Tara Bitzan is editor of the Echo Press. She joined the company in 1991 as a news reporter.
A lifelong resident of Douglas County, Tara graduated from Brandon High School and earned a bachelor of arts degree in mass communications and English with a minor in Scandinavian Studies from Moorhead State University.
She and her husband, Dennis, and their children live near Alexandria.
- Member for
- 1 year 2 months
Kristy Eastlund of Alexandria is a natural caregiver. She's patient, caring, compassionate and quick to offer food or help with chores when someone is in need. Despite that, she adamantly said "no" when a friend encouraged her to become a hospice volunteer. When asked what held her back she quickly replied, "Death." Eastlund has seen her share of suffering and loss.
Ah, graduation time. Seems like only yesterday I was walking up on the Brandon High School stage to get my diploma. But (sigh) it was actually a bit longer ago than that. My class is celebrating its 25-year reunion this summer. Where does the time go? Once I decided to write about graduation for this column (at 9 p.m.
Rebecca Worley's long and fruitful career actually began at age 6, when she begged her parents to let her take piano lessons. "My parents bought a piano, which was no easy task on a pastor's salary in those days," she recalled. As the oldest of six children, her persistence paid off for all of her siblings, who also got to take lessons. By 5th grade, Becky was playing piano at the church and nursing homes in Boston where her father was leading services. In 7th grade, she found her passion when she began playing the organ.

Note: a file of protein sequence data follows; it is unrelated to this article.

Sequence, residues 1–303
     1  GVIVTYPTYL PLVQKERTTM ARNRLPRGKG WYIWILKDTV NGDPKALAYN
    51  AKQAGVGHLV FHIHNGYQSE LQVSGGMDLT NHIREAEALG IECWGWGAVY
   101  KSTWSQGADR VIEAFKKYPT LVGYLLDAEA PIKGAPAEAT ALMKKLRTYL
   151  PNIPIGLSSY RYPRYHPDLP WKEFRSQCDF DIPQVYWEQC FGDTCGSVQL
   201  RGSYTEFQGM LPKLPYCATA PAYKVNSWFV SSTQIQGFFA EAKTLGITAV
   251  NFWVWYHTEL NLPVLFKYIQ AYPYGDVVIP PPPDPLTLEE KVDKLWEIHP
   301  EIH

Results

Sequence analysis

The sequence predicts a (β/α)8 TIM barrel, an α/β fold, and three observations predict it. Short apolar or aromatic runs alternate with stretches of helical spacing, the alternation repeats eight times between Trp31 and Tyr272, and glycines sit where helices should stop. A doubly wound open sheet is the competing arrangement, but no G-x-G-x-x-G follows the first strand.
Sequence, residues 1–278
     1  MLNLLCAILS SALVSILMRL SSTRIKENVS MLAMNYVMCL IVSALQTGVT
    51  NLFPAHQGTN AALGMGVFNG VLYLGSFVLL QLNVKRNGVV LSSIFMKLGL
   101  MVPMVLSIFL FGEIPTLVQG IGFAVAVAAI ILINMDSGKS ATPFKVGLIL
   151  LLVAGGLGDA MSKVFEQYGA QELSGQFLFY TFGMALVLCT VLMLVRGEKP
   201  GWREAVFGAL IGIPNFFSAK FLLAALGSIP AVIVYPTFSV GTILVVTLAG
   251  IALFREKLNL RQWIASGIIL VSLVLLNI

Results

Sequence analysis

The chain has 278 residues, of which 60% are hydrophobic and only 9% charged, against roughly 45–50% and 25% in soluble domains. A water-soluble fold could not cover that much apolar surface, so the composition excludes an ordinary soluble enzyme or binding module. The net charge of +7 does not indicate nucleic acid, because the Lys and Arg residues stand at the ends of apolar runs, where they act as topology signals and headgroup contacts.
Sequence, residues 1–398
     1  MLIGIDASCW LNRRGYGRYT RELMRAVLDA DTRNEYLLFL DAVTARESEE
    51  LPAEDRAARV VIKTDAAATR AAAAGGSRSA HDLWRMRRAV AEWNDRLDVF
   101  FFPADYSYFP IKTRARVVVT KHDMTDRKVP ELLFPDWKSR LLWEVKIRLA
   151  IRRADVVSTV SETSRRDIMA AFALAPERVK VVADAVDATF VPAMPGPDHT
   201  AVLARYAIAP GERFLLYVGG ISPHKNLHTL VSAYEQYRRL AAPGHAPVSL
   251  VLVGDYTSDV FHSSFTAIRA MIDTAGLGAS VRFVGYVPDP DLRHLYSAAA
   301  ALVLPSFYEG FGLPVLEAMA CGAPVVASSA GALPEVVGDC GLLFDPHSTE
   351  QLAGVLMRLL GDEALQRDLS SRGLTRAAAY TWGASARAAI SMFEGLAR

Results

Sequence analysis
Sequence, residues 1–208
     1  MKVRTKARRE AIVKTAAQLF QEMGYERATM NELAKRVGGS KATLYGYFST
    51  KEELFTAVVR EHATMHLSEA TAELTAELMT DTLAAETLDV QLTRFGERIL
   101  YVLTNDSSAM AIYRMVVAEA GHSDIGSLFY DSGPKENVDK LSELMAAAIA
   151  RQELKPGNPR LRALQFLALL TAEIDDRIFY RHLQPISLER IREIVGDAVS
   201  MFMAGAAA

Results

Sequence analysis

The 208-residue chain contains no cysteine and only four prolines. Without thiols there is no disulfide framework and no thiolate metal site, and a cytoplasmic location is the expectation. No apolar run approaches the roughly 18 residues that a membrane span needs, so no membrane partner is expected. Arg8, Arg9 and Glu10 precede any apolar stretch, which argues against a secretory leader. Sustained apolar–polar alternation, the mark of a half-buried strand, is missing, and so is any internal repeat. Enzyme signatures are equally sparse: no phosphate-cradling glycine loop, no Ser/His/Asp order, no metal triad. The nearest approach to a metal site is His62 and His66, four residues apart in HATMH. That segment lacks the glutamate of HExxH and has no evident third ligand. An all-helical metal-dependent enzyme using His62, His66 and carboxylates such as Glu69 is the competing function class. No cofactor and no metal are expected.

Brady Lind of Alexandria is your typical 9-year-old rough-and- tumble boy. He loves hockey and baseball and playing with his brothers Evan, 12, and Caleb, 7. That's why his parents, Scott and Linda, weren't surprised when he ended up with a possible fracture in his elbow. His first "bump" came while playing knee hockey with his brothers in the basement at the end of February. A couple days later, he fell on the same elbow during a hockey game. He was taken in for X-rays.
After 33 years of harried deadlines and countless evenings and weekends spent covering area sporting events, Larry Holverson was looking forward to retirement. But his vision of what retirement looked like changed considerably just two weeks before he wrapped up his career. In May 2007, the Echo Press sports editor was told he had Parkinson's disease (PD). It was a nurse with family connections who first suspected Larry may have Parkinson's. She saw him at an event and was concerned with the way he shuffled his feet.
Here's one statistic Minnesota doesn't want to brag about - it's the third largest state per capita impacted by Parkinson's disease (PD).
Throughout the school year I am fortunate to have the opportunity to go into area classrooms and teach students about newspapers through Newspapers in Education (NIE), an international program that promotes children's literacy by using newspapers as teaching tools.
The annual Passion Drama presented by members of Zion Lutheran and Good Shepherd Lutheran churches of Alexandria has been cancelled this year due to the weather. In its 14-year history, this is the first time the drama has been cancelled. "Many hours of time go into preparing such a community outreach, which makes the decision to cancel the drama this year that much more difficult," noted Jeff Roste, event organizer.
A child's first hair cut is a big deal. Not only for the child, but for the mother as well. In the case of Jessa Streich of Alexandria and her mother, Tabitha, it was a monumental moment. Jessa is a 5-year-old who has suffered from countless health problems ever since she was born prematurely. Some of those problems are a mystery for the family and doctors. But even though she has endured more than most children her age, the young girl is still giving back to others in a special way. Thursday, March 4 was the date of Jessa's first haircut.
The only thing Harry and Joan Davis of Brandon have to worry about during retirement is how to find enough time to get everything done. Their shop is full of projects patiently waiting to be completed. While the projects themselves aren't in any hurry, the Davises are. "We've got so many things we want to do.